Ladies and gentlemen, it is my dispiriting task to inform you that we have now reached Peak Zombie.
Yes, much like Peak Oil, where all the oil that can be found, has been found and it’s only downhill from here, zombies have finally reach the summit of pop culture visibility and are now sliding down the other side, clutching the withered, schlock-stained husk of syfy’s Z Nation close to their decaying bosoms.
It is not, as you might expect, a pretty picture but nor is it a completely hopeless one.
Movies like the superlative 28 Days Later and World War Z, both heirs apparent in their own way to the literal biting, savage social satire of George Romero’s Night of the Living Dead and its successors, and of course the zeitgeist juggernaut that is The Walking Dead, are prevailing reminders that you can still say something fresh and provocative with zombies should the intent seize you.
Even the more comedic members of the genre such as Zombieland and Shaun of the Dead serve as potently humourous examples that it is possible to have some fun with the zombie apocalypse and say something worthwhile too.
And yet somewhere in the midst of all this finely-executed zombie-ness, the producers of Z Nation, the first TV series from The Asylum, the self-aware purveyors of trashy so-bad-it’s-good fare like Sharknado and a thousand other schlocky masterpieces like Bermuda Tentacles, never got the memo.
The result is the first, wretchedly-amateur step down the slippery slope from Peak Zombie where it is, against all odds and expectations, possible to begin to tire of the biting and the chomping, the gritty survivalist dramatics and the satirical barbs levelled at a society fast disappearing up its own social media-obsessed narcissistic backside.
Plainly put, Z Nation, while armed with an intriguing premise, a roguish sense of humour and the requisite larger than life characters, somehow manages to come up wanting, dragging its high concept aspirations down into a finished half-baked product that clearly wants to be the Zombieland of 2014 but isn’t quite sure how to do it.
Part of the problem, rather ironically for a show with decaying tongue planted very firmly in swiss cheese’d cheek, is that it actually takes itself all too seriously.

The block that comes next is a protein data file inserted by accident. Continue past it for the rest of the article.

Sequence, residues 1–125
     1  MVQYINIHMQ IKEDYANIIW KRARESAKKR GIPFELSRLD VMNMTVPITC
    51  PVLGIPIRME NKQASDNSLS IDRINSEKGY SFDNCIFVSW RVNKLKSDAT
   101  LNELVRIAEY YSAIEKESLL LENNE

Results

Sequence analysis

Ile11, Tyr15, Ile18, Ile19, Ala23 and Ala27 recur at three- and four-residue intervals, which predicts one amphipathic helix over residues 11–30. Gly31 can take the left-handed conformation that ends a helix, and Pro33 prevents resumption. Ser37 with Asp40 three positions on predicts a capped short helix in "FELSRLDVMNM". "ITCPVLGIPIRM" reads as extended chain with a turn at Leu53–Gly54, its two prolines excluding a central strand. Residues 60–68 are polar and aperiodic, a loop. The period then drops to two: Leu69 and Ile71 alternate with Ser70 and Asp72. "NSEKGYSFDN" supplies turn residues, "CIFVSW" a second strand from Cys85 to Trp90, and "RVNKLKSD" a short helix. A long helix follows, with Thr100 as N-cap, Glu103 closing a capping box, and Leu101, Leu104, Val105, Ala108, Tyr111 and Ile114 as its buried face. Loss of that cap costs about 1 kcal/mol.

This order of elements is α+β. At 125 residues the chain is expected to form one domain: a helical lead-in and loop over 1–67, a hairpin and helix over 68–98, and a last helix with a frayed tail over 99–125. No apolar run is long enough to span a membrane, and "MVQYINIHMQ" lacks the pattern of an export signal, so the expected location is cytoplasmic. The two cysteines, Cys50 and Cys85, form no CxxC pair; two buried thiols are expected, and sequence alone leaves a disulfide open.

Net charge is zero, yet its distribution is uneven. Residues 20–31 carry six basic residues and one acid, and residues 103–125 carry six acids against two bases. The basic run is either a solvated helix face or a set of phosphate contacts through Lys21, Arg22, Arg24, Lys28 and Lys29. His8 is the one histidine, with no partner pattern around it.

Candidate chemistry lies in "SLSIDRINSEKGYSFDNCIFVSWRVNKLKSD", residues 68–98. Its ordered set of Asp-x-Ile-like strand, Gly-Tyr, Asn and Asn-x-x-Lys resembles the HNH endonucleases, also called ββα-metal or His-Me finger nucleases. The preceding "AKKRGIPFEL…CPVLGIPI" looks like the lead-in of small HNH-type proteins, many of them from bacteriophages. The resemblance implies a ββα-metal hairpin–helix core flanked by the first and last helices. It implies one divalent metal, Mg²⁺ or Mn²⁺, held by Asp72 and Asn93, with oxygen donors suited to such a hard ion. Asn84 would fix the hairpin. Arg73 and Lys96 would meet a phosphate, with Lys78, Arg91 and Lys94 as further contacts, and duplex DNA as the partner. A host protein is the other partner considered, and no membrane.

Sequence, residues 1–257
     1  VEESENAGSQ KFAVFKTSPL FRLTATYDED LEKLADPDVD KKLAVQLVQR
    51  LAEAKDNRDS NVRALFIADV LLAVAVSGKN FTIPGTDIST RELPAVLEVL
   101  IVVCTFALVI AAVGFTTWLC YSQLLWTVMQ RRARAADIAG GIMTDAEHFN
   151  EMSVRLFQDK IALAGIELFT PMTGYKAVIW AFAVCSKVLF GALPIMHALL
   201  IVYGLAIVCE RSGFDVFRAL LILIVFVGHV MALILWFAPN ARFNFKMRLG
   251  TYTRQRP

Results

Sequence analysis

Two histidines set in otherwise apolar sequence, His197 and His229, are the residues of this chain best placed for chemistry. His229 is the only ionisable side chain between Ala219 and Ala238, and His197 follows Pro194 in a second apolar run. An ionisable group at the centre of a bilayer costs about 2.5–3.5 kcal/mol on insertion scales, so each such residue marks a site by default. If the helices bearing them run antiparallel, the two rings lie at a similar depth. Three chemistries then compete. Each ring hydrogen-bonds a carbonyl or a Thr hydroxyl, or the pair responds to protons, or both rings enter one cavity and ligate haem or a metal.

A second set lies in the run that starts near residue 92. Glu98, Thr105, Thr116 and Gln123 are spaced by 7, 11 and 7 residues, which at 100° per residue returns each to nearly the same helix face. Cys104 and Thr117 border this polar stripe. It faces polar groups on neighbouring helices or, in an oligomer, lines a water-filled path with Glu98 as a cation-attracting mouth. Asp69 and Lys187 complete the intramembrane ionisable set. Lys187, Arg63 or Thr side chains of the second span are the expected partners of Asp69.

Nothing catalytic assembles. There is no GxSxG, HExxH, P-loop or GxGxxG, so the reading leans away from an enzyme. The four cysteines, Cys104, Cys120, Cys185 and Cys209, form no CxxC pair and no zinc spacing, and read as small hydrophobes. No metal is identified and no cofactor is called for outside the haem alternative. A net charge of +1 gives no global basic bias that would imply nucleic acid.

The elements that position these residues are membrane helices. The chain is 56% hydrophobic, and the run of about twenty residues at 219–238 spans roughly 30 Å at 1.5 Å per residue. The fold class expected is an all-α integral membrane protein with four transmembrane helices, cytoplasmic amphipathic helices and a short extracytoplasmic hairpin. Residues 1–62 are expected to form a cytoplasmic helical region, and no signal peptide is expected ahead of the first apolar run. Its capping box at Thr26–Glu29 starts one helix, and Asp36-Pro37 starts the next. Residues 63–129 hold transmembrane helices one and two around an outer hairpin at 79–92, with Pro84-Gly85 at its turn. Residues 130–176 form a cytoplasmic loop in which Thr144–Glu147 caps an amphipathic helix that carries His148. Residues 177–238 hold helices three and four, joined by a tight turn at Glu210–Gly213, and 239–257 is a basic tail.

There is not a hint of irony when at one point a lovely sweet helpless baby boy, who somehow survived the car crash that killed his mother, suddenly turns into a meat-hungry zombie-let with a ridiculously fast crawl rate and murderous intent burning in previously placid eyes.
It’s like Chucky Jr., kicked the baby to one side, jumped into frame and went to town, in this case on temporary hero Delta Force soldier Mark Hammond (Harold Perrineau), with no sense of how ridiculous he must look.
It’s clearly met to be a tense showdown of some sort, since the disparate ragtag members of Hammond’s group like National Guard soldier Charles Garnett (Tom Everett Scott) and Roberta Warren (Kellita Smith) are pacing nervously back and forth outside the door, flinching and staring gravely everytime Hammond so much as knocks a tin can over.
It is patently absurd, manifestly over the top, and quite possibly meant to be insanely silly but there’s far too much faux-gravitas and tension to treat it as some sort of clever wink-wink-nudge-nudge joke.
What you end up with, time and again in the hilariously named “Puppies and Kittens” – points at least for a inventive title, if nothing else – are scenes where our heroes duck and roll in glorious slo-mo, shooting and axe-wielding as they go, dramatic intent writ large upon their humourless faces.
And yes it makes sense that they wouldn’t look like they’re having a day at the picnic.
But Z Nation is never sure if they should be deadly serious survivalists, or quip-heavy, gun-toting men and women who are laughing in the face of very real and present danger, and stuck awkwardly in the middle with low rent, poorly made up zombies melodramatically racing towards you, the show suffers as a result.
It’s not all a complete mess.
The premise, as mentioned, is clever, with Hammond charged with spiriting the only known survivor of a zombie bite, eight of them in fact, Murphy (Keith Allen), a man whose blood is presumably swimming with zombie virus-zapping antibodies all itching to save the rest of the human race, all the way across the U.S. from east to west to the last functioning viral lab in California.
It’s a neat twist on the usual survivors just trying to survive schtick, and gives the show a lot of room to move in terms of creating and dealing with week-to-week threats within the overall narrative arc.
The society that has arisen in the wake of government and all civil authorities collapsing three years after the epidemic began also shows promising signs of being well fleshed out with death rituals, that involve those near to breathing their last being ceremoniously shot in the head before they can turn, and a nascent barter economy and innovative weapons industry that has found alternate uses for no longer needed baseball bats in evidence.
And everyone, for the most part, seems to be doing their best to act their hearts out, especially DJ Squalls as irreverent Good Morning Vietnam-esque ex-NSA radio jockey Citizen Z, although they are hampered by a muddled script, lacklustre dialogue and the aforementioned tonal gap between satirical, over the top silliness and grave drama.
It is entirely possible that Z Nation can fashion a viewing diamond out of this undead decaying rough, given the fact that Zombieland and even the recent Life After Beth have proven it is possible to be funny and zombie-ish all at once, but I would go holding my breath.
There’s a good chance that a real zombie apocalypse come come along before Z Nation gets its necrotic narrative house in order.